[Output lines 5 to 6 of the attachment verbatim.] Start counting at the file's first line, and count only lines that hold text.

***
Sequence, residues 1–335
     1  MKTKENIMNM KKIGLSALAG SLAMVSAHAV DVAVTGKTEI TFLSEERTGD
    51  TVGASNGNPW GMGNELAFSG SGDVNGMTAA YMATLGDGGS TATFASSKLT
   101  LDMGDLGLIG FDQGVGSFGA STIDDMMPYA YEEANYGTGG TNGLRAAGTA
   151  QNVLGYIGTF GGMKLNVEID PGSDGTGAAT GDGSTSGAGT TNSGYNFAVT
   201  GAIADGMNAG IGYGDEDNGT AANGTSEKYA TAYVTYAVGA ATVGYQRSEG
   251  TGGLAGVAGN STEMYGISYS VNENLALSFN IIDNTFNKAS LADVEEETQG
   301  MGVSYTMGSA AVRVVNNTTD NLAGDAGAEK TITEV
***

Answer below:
   151  QNVLGYIGTF GGMKLNVEID PGSDGTGAAT GDGSTSGAGT TNSGYNFAVT
   201  GAIADGMNAG IGYGDEDNGT AANGTSEKYA TAYVTYAVGA ATVGYQRSEG